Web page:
Authors+Show Affiliations

Research Service, VA Medical Center, Milwaukee, Wisconsin.No affiliation info availableNo affiliation info available

Pub Type(s)

Journal Article
Research Support, U.S. Gov't, Non-P.H.S.
Research Support, U.S. Gov't, P.H.S.

Language

eng

PubMed ID

1847196

Citation

Rady, J J., et al. "Heroin Acts On Different Opioid Receptors Than Morphine in Swiss Webster and ICR Mice to Produce Antinociception." The Journal of Pharmacology and Experimental Therapeutics, vol. 256, no. 2, 1991, pp. 448-57.
Rady JJ, Roerig SC, Fujimoto JM. Heroin acts on different opioid receptors than morphine in Swiss Webster and ICR mice to produce antinociception. J Pharmacol Exp Ther. 1991;256(2):448-57.
Rady, J. J., Roerig, S. C., & Fujimoto, J. M. (1991). Heroin acts on different opioid receptors than morphine in Swiss Webster and ICR mice to produce antinociception. The Journal of Pharmacology and Experimental Therapeutics, 256(2), 448-57.
Rady JJ, Roerig SC, Fujimoto JM. Heroin Acts On Different Opioid Receptors Than Morphine in Swiss Webster and ICR Mice to Produce Antinociception. J Pharmacol Exp Ther. 1991;256(2):448-57. PubMed PMID: 1847196.
* Article titles in AMA citation format should be in sentence-case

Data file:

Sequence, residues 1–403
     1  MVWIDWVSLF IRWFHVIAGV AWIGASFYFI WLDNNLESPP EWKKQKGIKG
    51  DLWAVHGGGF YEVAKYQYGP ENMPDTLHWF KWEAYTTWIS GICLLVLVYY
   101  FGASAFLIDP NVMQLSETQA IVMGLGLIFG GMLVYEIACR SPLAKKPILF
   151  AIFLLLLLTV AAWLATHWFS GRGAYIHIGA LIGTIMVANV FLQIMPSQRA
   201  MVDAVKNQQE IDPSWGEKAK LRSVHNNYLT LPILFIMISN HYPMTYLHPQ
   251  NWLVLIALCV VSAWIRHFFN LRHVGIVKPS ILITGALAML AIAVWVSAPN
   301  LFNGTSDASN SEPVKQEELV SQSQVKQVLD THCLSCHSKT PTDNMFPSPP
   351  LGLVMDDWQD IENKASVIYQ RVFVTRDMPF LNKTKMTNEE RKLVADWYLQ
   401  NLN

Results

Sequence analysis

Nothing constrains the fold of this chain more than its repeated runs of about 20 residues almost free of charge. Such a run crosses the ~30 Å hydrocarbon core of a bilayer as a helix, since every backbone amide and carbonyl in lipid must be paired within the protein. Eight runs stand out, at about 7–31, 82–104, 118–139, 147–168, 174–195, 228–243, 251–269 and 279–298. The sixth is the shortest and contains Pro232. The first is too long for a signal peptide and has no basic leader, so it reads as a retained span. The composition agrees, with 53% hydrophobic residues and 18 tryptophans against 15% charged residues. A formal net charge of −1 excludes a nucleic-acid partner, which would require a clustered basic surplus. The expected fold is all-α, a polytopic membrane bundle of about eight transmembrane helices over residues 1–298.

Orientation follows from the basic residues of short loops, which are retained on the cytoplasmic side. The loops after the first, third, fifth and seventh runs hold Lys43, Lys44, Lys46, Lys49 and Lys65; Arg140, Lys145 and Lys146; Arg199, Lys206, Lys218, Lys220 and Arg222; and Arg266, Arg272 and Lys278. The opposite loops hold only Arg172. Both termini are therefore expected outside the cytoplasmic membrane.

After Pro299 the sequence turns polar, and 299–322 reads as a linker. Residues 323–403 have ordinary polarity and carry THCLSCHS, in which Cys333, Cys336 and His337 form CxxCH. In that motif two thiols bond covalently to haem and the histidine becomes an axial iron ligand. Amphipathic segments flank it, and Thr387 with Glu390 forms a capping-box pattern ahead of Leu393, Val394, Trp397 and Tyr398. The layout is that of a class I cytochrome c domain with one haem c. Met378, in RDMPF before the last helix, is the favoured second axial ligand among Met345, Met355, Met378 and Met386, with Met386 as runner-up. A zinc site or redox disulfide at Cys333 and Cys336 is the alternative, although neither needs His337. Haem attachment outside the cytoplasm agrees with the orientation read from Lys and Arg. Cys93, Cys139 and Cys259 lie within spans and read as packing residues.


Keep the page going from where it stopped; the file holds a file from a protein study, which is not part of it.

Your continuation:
TY - JOUR T1 - Heroin acts on different opioid receptors than morphine in Swiss Webster and ICR mice to produce antinociception. AU - Rady,J J, AU - Roerig,S C, AU - Fujimoto,J M, PY - 1991/2/1/pubmed PY - 1991/2/1/medline PY - 1991/2/1/entrez SP - 448 EP - 57 JF - The Journal of pharmacology and experimental therapeutics JO - J Pharmacol Exp Ther VL - 256 IS - 2 N2 - The opioid receptor types involved in supraspinal and spinal heroin-induced analgesia in Swiss Webster and ICR mice were determined by intracerebroventricular (i.c.v.) and intrathecal (i.t.) administration of opioid agonists and antagonists. Also, comparisons were made with morphine. Antinociception was measured by changes in tail-flick latency. In Swiss Webster mice, i.c.v. heroin like [D-Pen2-D-Pen5]enkephalin, a delta receptor opioid agonist, activated supraspinal delta opioid receptors as evidenced by inhibition of analgesia by coadministration of naltrindole, a delta receptor antagonist. Lack of effect of i.t. yohimbine and methysergide vs. i.c.v. heroin indicated that spinal descending noradrenergic and serotonergic systems were not involved. Heroin and [D-Pen2-D-Pen5]enkephalin were also matched in producing additive interactions with i.t. opioids. Also, i.c.v. heroin like [D-Pen2-D-Pen5]enkephalin did not activate a dynorphin-mediated antianalgesic system. In ICR mice, i.c.v. heroin receptor selectivity matched that of i.c.v. Tyr-D-Ala2-Gly-NMePhe4-Gly-ol5, a selective mu receptor opioid agonist. Analgesia was inhibited by pretreatment with i.c.v. beta-funaltrexamine, a nonequilibrium mu receptor antagonist. Intrathecal administration of methysergide inhibited i.c.v. heroin-induced analgesia whereas i.t. yohimbine had no effect, which indicated that a descending serotonergic system but not a noradrenergic system was involved. Low doses of i.t. naloxone and nor-binaltorphimine increased the analgesic effect. This effect was consistent with activation of an antianalgesic system by i.c.v. heroin, which was mediated by dynorphin A in the spinal cord. Desensitization of the antianalgesic system also resulted in increased analgesia. In both Swiss Webster and ICR mice, i.t. heroin-induced analgesia involved spinal mu receptors like those stimulated by Tyr-D-Ala2-Gly-NMePhe4-Gly-ol5. Analgesia was inhibited by i.t. naloxone. In both strains, i.t. heroin, like i.t. Tyr-D-Ala2-Gly-NMePhe4-Gly-ol5, produced an additive interaction with i.t. clonidine. In conclusion, the supraspinal receptors activated by heroin are different between Swiss Webster and ICR mice. In both strains, the receptor selectivities assigned to heroin did not match those for morphine. Heroin did not act by being biotransformed to morphine. SN - 0022-3565 UR - https://www.unboundmedicine.com/medline/citation/1847196/Heroin_acts_on_different_opioid_receptors_than_morphine_in_Swiss_Webster_and_ICR_mice_to_produce_antinociception_ DB - PRIME DP - Unbound Medicine ER -